Volume > Issue > Pray the Rosary

Pray the Rosary


By Timothy P. Collins | May 2005
Timothy P. Collins, M.D., is Board Certified in Anatomic and Clinical Pathology, and a Fellow of the College of American Pathologists. He, his wife, and four children live in Chesapeake, Virginia.

I went to a Rosary devotion a few nights ago, the first I have ever been to. It is held every Wednesday evening at the small chapel my family and I have been attending for the past year or so, a chapel where the indult Tridentine Mass is said. We stumbled upon this place after doing what I had sworn we would never do subsequent to our conversion to Catholicism: church shopping. But the parishes we went to early in our conversion were so awful, and the priests taught things contrary to the Faith so frequently, that shop we did, and now here we are.

The fire marshal will allow 160 people to be seated in the chapel; my experience is that it’s closer to that number than not on any given Sunday. The fittings are simple: wooden pews, wrought-iron altar rail, a tasteful, modestly carved wooden altar with the requisite marble component. Statues of St. Mary, St. Joseph, and St. Michael guard the altar and the Tabernacle — and the Tabernacle is smack in the middle of it all, right under the golden crucifix and beneath the six high candlesticks, so that you know where the focus of the Mass is and you’re never confused about where to make your genuflection.

The Tridentine Mass itself wasn’t totally alien; both my wife and I come from an Episcopal Church background and are used to formal liturgy, altar rails, and kneeling for Communion. We are used to the idea that the space between the railing and the altar is a holy place; you don’t go mucking about in there just for the heck of it whether you’re a priest, altar boy, or layman. Following along with the liturgy really hasn’t been the problem it is often advertised to be. There are lots of simple outlines available: The one put out by The Coalition in Support of Ecclesia Dei costs only a couple of bucks, and has the Latin and English side by side, and little line drawings of what the priest is doing, along with marginal comments on what’s going on, as well as what you should be doing (kneeling, standing, not receiving Communion if you’re not in a state of grace, etc.). Follow the booklet and the Mass closely, and in a couple of weeks you’ll have the swing of it, and you’ll have learned a bit of theology in the meantime. It’s not that difficult.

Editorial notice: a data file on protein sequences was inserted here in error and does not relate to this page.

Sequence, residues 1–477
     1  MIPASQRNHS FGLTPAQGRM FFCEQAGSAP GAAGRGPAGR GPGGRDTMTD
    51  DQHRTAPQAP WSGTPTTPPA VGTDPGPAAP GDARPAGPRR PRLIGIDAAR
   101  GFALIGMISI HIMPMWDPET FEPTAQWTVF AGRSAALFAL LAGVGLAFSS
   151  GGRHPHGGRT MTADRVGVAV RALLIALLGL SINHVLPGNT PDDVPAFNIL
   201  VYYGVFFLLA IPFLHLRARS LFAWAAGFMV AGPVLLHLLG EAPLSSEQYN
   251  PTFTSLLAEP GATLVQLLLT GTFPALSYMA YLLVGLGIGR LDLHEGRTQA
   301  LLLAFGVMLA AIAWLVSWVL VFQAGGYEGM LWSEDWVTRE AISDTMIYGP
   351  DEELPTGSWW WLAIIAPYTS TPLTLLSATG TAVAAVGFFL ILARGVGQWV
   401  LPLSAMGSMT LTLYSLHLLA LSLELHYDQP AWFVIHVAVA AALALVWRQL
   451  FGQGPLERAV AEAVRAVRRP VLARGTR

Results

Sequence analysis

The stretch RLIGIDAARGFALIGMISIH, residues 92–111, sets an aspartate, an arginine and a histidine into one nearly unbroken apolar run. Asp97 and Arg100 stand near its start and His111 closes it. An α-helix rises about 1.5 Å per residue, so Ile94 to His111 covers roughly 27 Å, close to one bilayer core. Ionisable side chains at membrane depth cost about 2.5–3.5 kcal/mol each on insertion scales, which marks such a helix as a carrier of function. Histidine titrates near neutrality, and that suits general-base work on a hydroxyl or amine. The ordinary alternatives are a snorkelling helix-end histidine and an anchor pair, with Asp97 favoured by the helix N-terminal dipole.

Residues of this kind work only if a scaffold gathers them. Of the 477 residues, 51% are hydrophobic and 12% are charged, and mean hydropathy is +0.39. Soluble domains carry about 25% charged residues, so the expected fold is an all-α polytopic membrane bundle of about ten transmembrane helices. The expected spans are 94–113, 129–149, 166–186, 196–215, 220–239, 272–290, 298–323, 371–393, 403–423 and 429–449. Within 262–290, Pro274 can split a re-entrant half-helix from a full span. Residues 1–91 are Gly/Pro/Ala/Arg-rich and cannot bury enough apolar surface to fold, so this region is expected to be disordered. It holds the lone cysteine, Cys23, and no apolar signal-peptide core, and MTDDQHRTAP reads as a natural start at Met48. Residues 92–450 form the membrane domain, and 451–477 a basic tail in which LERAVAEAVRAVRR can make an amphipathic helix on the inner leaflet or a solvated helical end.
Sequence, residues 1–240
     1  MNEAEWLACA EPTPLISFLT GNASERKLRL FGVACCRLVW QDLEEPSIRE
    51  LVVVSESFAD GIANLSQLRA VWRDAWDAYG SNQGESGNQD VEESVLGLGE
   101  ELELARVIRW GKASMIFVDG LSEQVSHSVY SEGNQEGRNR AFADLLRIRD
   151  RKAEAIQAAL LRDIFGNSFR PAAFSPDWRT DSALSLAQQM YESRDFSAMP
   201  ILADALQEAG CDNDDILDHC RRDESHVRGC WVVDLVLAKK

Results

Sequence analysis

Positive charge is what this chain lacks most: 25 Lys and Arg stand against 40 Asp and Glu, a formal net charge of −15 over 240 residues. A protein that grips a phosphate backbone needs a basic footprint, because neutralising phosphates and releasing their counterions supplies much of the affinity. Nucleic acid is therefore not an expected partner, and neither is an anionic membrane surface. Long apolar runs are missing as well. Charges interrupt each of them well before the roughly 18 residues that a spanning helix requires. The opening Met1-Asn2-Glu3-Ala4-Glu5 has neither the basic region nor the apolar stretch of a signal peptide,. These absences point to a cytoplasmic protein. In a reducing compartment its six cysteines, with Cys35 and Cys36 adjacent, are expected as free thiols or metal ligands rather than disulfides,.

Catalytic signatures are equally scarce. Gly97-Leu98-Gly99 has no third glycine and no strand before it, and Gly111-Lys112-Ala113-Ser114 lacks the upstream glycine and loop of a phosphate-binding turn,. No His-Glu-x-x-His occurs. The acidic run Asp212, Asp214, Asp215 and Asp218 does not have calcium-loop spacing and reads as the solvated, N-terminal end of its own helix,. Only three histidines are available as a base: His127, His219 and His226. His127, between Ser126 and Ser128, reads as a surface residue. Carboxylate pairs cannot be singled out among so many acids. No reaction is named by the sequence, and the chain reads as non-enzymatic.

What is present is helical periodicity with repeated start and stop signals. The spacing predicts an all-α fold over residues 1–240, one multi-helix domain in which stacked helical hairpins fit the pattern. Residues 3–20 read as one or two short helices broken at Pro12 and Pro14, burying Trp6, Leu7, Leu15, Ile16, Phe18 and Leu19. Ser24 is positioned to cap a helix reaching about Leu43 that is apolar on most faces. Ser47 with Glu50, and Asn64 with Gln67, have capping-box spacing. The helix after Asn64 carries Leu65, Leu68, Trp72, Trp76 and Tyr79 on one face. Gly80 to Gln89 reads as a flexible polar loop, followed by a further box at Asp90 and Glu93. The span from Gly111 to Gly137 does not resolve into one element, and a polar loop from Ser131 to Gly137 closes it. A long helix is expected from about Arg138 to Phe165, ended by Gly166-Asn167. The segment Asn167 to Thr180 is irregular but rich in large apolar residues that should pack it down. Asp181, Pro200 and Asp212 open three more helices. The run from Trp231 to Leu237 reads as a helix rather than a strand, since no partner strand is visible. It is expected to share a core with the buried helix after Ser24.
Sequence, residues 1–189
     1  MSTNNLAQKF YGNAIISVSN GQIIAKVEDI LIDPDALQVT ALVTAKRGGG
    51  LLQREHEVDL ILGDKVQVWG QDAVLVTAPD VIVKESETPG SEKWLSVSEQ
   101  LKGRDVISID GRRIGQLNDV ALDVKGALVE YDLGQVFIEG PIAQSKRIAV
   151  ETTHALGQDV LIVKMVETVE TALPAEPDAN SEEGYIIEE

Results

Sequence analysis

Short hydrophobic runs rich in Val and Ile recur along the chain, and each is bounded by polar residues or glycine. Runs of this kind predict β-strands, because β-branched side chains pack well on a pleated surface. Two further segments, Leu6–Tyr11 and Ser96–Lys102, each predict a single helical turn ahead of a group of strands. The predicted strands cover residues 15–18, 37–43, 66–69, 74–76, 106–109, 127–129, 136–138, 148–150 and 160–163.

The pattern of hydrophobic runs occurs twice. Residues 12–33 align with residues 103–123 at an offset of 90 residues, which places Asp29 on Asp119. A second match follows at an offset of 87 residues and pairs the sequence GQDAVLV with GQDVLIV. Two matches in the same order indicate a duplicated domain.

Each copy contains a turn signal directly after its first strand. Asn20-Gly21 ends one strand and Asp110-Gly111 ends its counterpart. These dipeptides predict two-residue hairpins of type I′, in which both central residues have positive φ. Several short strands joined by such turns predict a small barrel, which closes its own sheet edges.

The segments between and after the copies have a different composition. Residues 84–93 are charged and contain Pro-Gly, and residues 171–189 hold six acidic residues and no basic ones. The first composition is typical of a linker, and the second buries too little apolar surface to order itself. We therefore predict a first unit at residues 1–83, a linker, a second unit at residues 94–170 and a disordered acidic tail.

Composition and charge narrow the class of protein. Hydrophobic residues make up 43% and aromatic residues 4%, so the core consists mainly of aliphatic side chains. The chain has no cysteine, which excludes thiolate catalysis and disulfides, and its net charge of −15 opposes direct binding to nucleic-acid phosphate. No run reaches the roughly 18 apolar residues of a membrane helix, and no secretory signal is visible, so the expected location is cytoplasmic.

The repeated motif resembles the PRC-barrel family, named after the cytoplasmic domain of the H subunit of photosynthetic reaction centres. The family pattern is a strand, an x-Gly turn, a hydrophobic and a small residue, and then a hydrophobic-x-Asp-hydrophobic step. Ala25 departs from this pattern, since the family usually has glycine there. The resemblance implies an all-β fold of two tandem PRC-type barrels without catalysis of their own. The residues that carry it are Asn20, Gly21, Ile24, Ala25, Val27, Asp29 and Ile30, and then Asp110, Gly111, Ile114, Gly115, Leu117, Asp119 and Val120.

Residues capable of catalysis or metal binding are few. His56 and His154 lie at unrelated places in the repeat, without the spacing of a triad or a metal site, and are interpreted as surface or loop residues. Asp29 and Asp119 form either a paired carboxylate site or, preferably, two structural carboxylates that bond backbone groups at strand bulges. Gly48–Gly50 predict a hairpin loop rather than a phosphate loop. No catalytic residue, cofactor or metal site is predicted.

The greatest challenge in our family’s adaptation to the Tridentine Mass has been managing our four small children. They’re not badly behaved, as far as six-year, four-year, two-year, and two-month-old children go; it’s just that they’re, well, children, and the four-year-old’s question, “Is it over yet?” sticks out ever so much more during the silent Tridentine consecration than it ever did in the Novus Ordo liturgy. “This too,” I tell myself, “is but a season.”

My family being away for a few days, I am alone, and come home to a house unchanged from how I left it in the morning. So, I decide to go to the Wednesday-evening Rosary at the chapel.

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